“At some point, piling on isn’t gonna do any — any good,” he said. “We’re not going to be taking on any more cases that folks bring in. We’ll be referring those over to your office.”
Moran then questioned the number of reports OSIG was already working on during its ongoing investigation.
“You think seven are sufficient, though?” Moran said. “One isn’t, three isn’t, six aren’t, but seven?”
The governor’s staff said some of the information about Martin appeared to make Martin look bad and was not relevant to the process under which he was paroled.
“The way it was written also speaks to the way that it was investigated, and brings into question, for me, whether you all were objective and unbiased in your report,” said Zamostny, at the time a deputy secretary of public safety under Moran. She is now policy director for Terry McAuliffe’s gubernatorial campaign. “I’m just putting it straight out on the table. I think that this is prejudicial, and it sets the tone for the rest of the report.”
And they asked why positive information about Martin’s record was not included.
“Anybody reading this immediately gets ‘this is a bad guy,’ ” Moran said.
Westfall said he respected their opinion, but OSIG’s actions were vetted by their legal counsel in the attorney general’s office.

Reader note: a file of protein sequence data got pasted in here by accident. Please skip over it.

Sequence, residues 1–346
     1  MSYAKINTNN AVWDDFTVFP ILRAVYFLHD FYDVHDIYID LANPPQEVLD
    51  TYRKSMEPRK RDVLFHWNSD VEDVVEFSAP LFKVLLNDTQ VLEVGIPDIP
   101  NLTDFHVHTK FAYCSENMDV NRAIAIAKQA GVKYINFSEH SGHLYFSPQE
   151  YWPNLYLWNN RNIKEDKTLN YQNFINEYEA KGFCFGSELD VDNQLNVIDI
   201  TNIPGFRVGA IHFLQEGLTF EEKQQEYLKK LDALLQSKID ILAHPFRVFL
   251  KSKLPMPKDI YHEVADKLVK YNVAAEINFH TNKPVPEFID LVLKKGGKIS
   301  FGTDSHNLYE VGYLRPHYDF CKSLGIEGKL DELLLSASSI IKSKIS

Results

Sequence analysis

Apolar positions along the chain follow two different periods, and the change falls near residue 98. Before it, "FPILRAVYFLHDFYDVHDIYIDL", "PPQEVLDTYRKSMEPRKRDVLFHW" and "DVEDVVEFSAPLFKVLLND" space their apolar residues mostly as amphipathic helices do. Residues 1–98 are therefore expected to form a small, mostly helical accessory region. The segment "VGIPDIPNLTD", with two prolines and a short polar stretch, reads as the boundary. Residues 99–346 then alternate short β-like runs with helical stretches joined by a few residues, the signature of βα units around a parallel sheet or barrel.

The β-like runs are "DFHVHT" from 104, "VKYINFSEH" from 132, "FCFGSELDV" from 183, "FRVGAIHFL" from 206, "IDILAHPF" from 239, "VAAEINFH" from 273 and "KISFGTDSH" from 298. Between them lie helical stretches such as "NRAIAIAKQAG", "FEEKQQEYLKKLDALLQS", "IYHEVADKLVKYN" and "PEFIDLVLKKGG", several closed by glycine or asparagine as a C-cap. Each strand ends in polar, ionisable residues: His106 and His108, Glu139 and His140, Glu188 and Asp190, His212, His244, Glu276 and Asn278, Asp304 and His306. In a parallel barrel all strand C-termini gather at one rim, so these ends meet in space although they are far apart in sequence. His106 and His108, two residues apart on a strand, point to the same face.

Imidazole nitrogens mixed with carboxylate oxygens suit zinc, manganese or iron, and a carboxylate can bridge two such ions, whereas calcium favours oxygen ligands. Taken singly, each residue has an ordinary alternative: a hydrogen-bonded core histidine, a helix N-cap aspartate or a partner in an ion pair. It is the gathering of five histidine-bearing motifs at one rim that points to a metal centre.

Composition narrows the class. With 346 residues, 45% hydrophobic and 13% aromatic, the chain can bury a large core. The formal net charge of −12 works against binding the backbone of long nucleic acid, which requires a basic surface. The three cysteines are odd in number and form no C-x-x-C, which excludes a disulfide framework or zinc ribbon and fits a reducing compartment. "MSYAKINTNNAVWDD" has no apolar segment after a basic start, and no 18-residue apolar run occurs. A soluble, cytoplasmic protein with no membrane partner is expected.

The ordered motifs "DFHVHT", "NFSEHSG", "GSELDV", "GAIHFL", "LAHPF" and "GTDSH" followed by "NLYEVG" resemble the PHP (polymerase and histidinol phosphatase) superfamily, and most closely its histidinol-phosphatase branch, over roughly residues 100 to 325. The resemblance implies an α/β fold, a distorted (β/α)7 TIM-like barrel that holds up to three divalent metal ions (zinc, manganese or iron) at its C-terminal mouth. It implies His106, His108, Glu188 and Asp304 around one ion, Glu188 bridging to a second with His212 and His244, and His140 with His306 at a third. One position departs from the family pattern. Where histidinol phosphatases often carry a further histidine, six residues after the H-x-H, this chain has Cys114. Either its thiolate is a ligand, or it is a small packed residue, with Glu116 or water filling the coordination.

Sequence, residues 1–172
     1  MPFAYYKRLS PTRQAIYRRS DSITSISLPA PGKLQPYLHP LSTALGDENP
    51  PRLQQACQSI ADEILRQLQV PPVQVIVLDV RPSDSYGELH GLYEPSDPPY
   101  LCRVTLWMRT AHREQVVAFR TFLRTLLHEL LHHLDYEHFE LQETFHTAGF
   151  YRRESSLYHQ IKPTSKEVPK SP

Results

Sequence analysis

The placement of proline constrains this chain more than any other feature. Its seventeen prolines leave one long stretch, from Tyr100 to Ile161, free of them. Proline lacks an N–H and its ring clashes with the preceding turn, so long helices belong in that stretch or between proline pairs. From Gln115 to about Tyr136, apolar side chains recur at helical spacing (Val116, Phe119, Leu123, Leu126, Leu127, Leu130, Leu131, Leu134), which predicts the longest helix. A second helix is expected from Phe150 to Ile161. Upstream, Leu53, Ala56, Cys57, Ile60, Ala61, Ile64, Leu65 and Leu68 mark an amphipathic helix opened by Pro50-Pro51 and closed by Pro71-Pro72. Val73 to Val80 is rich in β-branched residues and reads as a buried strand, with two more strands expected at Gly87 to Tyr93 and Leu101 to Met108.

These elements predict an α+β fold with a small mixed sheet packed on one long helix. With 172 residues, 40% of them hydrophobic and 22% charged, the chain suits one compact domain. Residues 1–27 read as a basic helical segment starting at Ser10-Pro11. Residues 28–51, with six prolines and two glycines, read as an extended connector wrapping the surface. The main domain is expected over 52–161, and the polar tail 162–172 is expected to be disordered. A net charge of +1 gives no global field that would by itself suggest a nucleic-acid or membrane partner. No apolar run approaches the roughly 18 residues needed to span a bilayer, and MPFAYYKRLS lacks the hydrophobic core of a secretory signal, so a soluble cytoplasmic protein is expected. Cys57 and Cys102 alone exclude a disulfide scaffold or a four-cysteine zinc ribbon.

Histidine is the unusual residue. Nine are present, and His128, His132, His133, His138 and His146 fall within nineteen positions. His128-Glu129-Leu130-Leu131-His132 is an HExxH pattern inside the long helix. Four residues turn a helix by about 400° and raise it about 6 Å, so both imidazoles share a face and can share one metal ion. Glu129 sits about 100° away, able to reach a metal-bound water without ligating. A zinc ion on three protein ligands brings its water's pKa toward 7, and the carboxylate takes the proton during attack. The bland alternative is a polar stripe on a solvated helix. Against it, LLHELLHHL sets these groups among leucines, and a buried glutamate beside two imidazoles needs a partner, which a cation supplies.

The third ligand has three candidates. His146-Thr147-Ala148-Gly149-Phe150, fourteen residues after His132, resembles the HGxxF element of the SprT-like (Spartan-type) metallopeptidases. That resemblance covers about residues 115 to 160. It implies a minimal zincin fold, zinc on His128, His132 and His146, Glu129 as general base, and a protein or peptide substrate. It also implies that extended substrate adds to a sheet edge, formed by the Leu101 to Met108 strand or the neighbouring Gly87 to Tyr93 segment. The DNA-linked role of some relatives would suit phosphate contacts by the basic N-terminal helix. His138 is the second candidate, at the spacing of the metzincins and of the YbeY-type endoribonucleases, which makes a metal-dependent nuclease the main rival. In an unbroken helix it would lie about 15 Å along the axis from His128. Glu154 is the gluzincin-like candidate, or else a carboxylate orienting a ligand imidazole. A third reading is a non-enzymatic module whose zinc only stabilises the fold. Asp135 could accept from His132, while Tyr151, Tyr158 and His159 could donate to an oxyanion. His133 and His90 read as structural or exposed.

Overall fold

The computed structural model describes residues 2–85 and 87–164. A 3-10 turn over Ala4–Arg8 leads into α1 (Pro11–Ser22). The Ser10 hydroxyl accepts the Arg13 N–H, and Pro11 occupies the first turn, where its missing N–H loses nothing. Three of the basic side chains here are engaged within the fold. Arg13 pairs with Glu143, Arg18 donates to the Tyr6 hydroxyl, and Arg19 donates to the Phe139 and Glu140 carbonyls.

“Could it be written differently?” Westfall said. “Yes, it could be written differently.”
“This was in the press,” Moran said. “And then just to write this, and the way it was written, knowing how it would be received, and the disservice it would be on the parole board and us. ... I don’t know how you can defend that, Mike.”
Mercer noted that Sens. Tommy Norment, R-James City, and Mark Obenshain, R-Rockingham, shared the report with the media.
“Are they gonna get dinged?” Mercer asked.
Westfall said in the meeting that investigating lawmakers would be outside his agency’s purview because OSIG investigates the executive branch.
The governor’s team and the OSIG team disagreed over OSIG’s findings.
“You all spent over 60 days researching [and] you got it wrong,” Moran said.
“I guess we’ll have a professional disagreement there,” Westfall said. “Again, we relied on our counsel.”
Moran replied, “Mike, come on,” and Westfall responded, “What do you mean, come on?”